Computer games -- and their virtual 3D worlds in particular -- have been a main driver of very rapid technological development over the past few years, creating a significant segment of the international entertainment industry. Today, the PC games and console games that dominate the market tie the players to their monitors and controls. Games on mobile phones or PDAs may be played anywhere, but they also aim to focus the players' attention away from their real environments.
Just a few advanced games go beyond the virtual world- paradigm, attempt to integrate the gamers' real environment in the game and to let the players perceive -- and act in -- their actual physical environment. Augmented Reality technologies now let us do just that, allowing game designers to start from a real physical environment and enhance it with virtual objects to create novel exciting games in an augmented reality-setting.
NetAttack is one such novel indoor / outdoor mixed reality computer-based game whose playing field is a real physical setting where the players can move about freely.
A cracker team consists of an Agent and an Operator. The Agent does the outdoor field work, wearing a helmet that has the personal display and the tracking system attached. The Operator works from a stationary computer, using an audio link to communicate with the agent and help her navigate the game world. The operator's main tool is a map of the game world that shows the positions of various virtual objects and the current position of his agent. Agent and operator need to cooperate and share the information each has available.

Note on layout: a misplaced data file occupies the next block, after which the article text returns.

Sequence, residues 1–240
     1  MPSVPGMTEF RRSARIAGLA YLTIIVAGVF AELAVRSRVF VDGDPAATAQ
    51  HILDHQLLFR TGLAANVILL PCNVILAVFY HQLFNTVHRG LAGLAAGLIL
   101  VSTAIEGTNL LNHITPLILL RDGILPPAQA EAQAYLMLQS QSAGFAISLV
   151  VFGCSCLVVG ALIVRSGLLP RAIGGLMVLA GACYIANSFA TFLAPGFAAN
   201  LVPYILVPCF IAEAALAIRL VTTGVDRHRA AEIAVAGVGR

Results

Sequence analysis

To allow an unlimited number of cracker teams in the game simultaneously, NetAttack is a distributed system whose modules communicate via Wi-Fi network. A central server manages intra-team communication and the overall state of the game, consumption of resources, allocation of virtual objects etc. as well as communication of specific events among teams.
To make sure that virtual objects are always perceived in the correct spot in the real setting, the system needs to 'know' the agent's position in the real setting and where exactly she is looking. A combination of tracking technologies is used to provide that information in NetAttack: Broad positioning is taken from GPS. Precision is significantly enhanced based on computer vision. An orientation sensor on the agent's helmet determines with great precision where s/he looks.